Detroit-based Henry Ford Health System to Launch Pancreatic Cancer Center with $20M Gift


The Henry Ford Health System today announced it received a $20 million gift and will use it to launch the Henry Ford Pancreatic Cancer Center. The center will focus on global collaborations to develop new methods for the early detection of the disease, which has a five-year survival rate of 8 percent.

The gift was given by an individual anonymous donor.

“We are grateful for this transformational gift that will allow Henry Ford to bring the best minds in the world together to shine an important light on pancreatic cancer,” says Wright Lassiter III, president and CEO of Henry Ford Health System. “It marks a crucial step in advancing pancreatic cancer research with the goal of increasing survivorship for patients diagnosed with this terrible disease.”

David Kwon, director of surgical oncology of the Henry Ford Cancer Institute and director of the Multidisciplinary Pancreas Clinic at Henry Ford Hospital, will help oversee the new center.

The center will focus on expanding the number of identified biomarkers in pancreatic cancer that can be validated in patients diagnosed with pancreatic cancer, translating the biomarkers into screening tests to detect pancreatic cancer earlier, using artificial intelligence to analyze clinical medical records and radiologic studies to identify previously unidentified patterns in patients’ medical records that may alert providers to the early diagnosis of pancreas caner, and developing investigator-initiated clinical trials to advance pancreatic treatment.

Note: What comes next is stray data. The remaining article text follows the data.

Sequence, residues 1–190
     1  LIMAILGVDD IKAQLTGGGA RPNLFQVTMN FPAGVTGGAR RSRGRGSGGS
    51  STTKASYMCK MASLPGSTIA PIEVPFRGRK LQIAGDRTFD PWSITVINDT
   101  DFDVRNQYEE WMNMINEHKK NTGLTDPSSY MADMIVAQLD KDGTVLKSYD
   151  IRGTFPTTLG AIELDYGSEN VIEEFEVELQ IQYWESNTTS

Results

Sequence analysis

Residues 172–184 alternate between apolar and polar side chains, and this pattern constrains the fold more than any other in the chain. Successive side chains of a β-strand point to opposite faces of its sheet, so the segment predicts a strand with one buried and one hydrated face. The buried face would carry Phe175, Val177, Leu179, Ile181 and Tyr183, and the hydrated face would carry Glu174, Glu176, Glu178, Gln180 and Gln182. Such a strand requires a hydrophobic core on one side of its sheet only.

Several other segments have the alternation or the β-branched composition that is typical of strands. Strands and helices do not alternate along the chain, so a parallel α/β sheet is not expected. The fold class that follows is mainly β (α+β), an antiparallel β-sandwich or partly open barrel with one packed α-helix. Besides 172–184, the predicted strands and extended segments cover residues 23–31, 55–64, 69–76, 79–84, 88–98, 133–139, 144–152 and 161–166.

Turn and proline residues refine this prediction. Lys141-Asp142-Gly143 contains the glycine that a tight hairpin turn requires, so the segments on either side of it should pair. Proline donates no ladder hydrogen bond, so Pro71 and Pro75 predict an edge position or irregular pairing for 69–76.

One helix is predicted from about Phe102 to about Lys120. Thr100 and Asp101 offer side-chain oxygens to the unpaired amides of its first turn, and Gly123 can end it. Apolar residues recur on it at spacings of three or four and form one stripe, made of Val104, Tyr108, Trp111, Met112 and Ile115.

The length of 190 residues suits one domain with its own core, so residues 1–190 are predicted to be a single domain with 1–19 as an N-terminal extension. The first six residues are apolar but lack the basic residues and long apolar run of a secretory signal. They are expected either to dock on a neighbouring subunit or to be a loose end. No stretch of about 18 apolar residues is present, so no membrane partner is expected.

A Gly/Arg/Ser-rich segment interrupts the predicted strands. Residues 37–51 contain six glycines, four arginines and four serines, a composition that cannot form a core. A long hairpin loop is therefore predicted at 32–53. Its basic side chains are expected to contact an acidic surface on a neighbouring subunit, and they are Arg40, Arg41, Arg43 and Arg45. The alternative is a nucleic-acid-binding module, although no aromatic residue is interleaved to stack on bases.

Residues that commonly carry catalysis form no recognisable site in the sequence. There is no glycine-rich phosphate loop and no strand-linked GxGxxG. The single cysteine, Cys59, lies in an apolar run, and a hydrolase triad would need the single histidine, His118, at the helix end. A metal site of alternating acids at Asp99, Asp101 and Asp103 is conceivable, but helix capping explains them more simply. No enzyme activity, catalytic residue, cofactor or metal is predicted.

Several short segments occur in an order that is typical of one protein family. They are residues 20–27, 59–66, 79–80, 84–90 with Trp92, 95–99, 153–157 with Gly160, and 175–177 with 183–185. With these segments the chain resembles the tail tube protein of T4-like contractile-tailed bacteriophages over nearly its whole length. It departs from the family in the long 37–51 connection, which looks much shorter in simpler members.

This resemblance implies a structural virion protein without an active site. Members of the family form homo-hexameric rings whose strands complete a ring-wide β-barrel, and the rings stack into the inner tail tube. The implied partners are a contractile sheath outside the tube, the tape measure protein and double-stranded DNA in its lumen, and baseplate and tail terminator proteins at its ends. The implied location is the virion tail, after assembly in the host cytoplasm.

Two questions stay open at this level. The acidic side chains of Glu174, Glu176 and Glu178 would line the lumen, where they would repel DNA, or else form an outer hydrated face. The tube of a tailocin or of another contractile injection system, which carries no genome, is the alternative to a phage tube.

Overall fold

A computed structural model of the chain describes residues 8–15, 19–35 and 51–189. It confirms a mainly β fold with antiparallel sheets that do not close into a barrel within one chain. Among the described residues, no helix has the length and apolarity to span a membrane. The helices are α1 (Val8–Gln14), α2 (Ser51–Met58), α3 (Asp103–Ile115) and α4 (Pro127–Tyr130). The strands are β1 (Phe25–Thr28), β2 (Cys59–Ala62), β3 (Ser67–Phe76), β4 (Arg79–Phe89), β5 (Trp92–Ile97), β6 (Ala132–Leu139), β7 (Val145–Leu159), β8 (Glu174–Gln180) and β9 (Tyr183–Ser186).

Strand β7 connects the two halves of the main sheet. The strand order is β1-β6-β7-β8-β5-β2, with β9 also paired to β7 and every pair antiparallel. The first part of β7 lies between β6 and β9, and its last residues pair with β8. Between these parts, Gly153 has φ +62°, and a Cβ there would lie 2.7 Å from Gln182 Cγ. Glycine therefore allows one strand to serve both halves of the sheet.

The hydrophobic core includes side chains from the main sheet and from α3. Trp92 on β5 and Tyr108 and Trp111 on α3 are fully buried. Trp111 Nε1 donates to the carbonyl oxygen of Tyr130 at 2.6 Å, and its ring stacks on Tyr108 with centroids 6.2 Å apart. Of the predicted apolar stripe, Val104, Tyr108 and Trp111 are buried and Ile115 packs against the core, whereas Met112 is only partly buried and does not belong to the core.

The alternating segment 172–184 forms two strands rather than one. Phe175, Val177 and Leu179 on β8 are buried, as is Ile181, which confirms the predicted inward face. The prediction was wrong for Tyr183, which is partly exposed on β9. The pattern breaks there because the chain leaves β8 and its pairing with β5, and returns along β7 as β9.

“Never has there been a greater momentum in the fight against pancreatic cancer, and unfortunately, the incidence of pancreatic cancer will only continue to rise,” says Kwon. “To effectively fight pancreatic cancer, we need to work to find solutions to problems that have eluded clinicians and researchers to date, while embracing a culture of innovation and collaboration.”

An estimated 53,670 people are diagnosed with pancreatic cancer each year. There is no effective screening tool available to diagnose pancreatic cancer early, and most people do not experience any symptoms until the cancer has progressed to an advanced stage.

“While we’ve made incredible advances in cancer diagnosis and treatment, where some types of cancer are now curable, pancreatic cancer remains nearly a universally fatal diagnosis,” says DR. Steven N. Kalkanis, medical director of the Henry Ford Cancer Institute and chair of the Department of Neurosurgery. “One of the challenges is pancreatic cancer is often diagnosed late, generally at an advanced stage, making it difficult to treat. If we are going to move the needle, we need a global, crowd-sourced effort to diagnose pancreatic cancer earlier and give patients a fighting chance for survival.”

The gift will establish a global, multi-institutional pancreatic consortium led by Henry Ford; an endowed director’s fund to support the hiring of a pancreatic cancer clinical leader and a research leader for the center; and an endowed fund to establish an administrative director for the center.

The gift builds on the momentum created by Detroit businessman and philanthropist Mort Harris, who donated $20 million to Henry Ford in December 2016 to back the Brigitte Harris Cancer Pavilion in Detroit, which is slated to open across W. Grand Blvd. from the hospital in 2020.

His gift was part of a $40 million package to support the building project and three program areas: precision medicine, brain cancer, and pancreatic cancer, which his wife, Brigitte, battled for almost two years before passing away in 2016. It is largest individual gift in Henry Ford’s history.

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